LYNNWOOD — The teen was shot in the back, then kicked repeatedly after he fell to the ground.
That’s what detectives investigating the death of a local high school student were told.
It didn’t take them long to detain two suspects in the Tuesday morning shooting.
Detectives with the Snohomish County Sheriff’s Office will need a lot more time to sort through the different versions of events that led up to the fatal encounter.
The suspects, 24 and 19, were booked into the Snohomish County Jail Tuesday night for investigation of first-degree murder.
Friends and family on social media identified the slain teen as Anthony Boro, 16.
Authorities said Wednesday it would be up to the Snohomish County Medical Examiner to confirm the boy’s identity. In court on Wednesday, Snohomish County deputy prosecutor Dana Little told a judge that detectives believe the victim is a 16-year-old high school student. She did not use his name.
The Mukilteo School District on Wednesday reported the shooting death of a Mariner High School sophomore. He had a younger brother who attends a middle school in the district.
A message of “RIP Anthony Boro” was posted on the younger brother’s social media account. It was one of dozens of similar posts among young people in the community.
Boro was well-known and well-liked, said Mark Stewart, head coach of the Mariner football team. He played football his freshman year and showed up for some of the summer workouts this year but didn’t continue on the team this season.
Stewart heard about the death from students on the football team. The loss has had a wide impact at the school, especially on the sophomore class. Many students wore blue to school Wednesday to remember their friend. It was reportedly his favorite color.
“He was part of the Mariner family,” Stewart said. “We need to stick together like we always do. We’ll be there and support each other, and for the students, we’re here to support them.”
Counseling support will be available at school, district spokesman Andy Muntz said. “Our thoughts are with the student’s family and friends during this difficult time, he said.
It was the second shooting involving a Mariner student so far this school year. On Sept. 3, a boy, 17, and his sister, 14, were shot as they were walking near Discovery Elementary School, where they planned to practice dance steps for an upcoming quinceanera, a traditional celebration to mark a girl’s 15th birthday. Prosecutors say those young people, who survived, were just at the wrong place at the wrong time.
Anthony Boro reportedly was shot shortly before 1 a.m. Tuesday in a parking lot in the 16700 block of Larch Way near Lynnwood. The sheriff’s office initially reported that they believed he was in his 20s.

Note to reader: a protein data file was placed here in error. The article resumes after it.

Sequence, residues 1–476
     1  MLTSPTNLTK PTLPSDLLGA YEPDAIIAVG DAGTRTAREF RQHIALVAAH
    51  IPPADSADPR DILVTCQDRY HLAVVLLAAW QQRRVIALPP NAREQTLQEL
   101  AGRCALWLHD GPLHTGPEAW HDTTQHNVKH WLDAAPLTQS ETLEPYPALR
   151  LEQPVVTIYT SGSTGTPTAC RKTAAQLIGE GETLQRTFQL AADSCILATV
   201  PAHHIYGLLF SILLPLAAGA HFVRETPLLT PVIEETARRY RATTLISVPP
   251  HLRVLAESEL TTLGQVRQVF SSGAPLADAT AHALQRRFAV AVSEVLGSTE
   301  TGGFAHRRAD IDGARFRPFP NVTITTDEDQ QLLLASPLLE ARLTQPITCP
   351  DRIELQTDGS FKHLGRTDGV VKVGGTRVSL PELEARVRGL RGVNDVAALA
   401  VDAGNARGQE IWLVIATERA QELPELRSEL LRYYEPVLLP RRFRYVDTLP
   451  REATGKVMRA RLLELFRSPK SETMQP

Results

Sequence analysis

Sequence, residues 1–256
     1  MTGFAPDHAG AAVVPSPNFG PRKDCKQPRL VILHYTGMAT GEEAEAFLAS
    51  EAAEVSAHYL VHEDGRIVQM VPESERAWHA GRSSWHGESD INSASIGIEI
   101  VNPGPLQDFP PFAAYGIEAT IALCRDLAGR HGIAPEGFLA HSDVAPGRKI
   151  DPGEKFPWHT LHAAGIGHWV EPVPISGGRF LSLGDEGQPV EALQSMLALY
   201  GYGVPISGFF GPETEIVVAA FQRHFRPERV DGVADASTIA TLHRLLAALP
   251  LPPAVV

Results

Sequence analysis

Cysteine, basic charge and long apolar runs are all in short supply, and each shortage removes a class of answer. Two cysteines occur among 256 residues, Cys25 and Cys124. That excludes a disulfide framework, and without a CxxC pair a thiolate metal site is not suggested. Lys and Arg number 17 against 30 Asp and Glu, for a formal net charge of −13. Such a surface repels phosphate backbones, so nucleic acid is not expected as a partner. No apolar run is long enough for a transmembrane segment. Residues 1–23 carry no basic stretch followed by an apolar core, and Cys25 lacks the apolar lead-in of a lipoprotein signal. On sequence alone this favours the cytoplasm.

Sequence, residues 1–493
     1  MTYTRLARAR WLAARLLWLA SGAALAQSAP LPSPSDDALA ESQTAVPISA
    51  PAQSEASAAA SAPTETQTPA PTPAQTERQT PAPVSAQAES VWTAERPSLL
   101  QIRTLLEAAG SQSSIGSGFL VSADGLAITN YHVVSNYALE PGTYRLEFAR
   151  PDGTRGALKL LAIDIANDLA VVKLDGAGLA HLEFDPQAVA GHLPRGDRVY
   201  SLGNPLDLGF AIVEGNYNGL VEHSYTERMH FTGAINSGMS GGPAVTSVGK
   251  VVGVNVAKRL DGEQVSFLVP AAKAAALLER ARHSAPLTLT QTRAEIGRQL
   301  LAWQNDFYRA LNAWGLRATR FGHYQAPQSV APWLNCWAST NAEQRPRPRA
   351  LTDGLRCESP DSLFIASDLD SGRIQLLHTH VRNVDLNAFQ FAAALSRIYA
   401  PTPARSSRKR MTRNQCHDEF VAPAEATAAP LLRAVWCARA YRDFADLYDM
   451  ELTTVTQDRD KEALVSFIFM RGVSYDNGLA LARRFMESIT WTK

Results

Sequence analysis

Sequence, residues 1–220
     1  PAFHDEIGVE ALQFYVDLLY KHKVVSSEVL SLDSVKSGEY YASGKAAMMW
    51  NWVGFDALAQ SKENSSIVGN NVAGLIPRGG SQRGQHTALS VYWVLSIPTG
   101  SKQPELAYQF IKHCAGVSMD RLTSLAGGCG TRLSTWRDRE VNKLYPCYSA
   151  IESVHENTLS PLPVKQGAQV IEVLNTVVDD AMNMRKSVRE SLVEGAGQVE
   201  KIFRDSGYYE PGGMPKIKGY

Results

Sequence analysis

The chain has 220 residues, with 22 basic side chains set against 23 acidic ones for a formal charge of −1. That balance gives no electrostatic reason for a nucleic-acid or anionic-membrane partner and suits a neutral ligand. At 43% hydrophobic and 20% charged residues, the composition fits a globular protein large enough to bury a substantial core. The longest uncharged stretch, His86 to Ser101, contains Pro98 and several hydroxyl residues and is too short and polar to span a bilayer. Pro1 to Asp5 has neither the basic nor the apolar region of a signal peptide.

The suspects were identified as Jesse Landrum, 19, and Charles Courtney, 24. Both were staying at the apartment complex off Larch Way.
Courtney allegedly admitted shooting the teen in the back and Landrum allegedly admitted kicking him after he had been shot.
“At this time, it does not appear that the suspects knew the victim,” Snohomish County Sheriff’s Office spokeswoman Shari Ireton said.
Detectives are continuing to sort through various versions of events that led up to the shooting.
An aluminum baseball bat was found near the teen’s body, according to a police report.
Courtney uses the street name “Magic,” according to a police report. He told detectives the teen “jiggled” his apartment door in what he thought was an attempt to break in and that he peered at the stranger through the peep hole.
Courtney reportedly had a .357-caliber revolver hidden in his pants while he spoke with a detective. He also allegedly was carrying four live rounds in a pants pocket as well as heroin and cash.
Landrum allegedly told detectives that he watched Courtney shoot the teen after he tried to run away. When Boro fell, Landrum said he heard “a clank” and something rolling,” which appeared to be the aluminum bat.
Landrum did not appear in court for a bail hearing Wednesday. His attorney, Pete Mazzone, said his client was dealing with a medical issue in the jail.
Mazzone argued that the probable cause statement failed to prove premeditation on his client’s part.
Little, the deputy prosecutor, told Judge Tam Bui that the victim was alive when Landrum allegedly started kicking him. Bui agreed that there was probable cause to hold the suspect.
Courtney appeared at Wednesday’s hearing. His bail was set at $3 million.
Eric Stevick: 425-339-3446; email@example.com.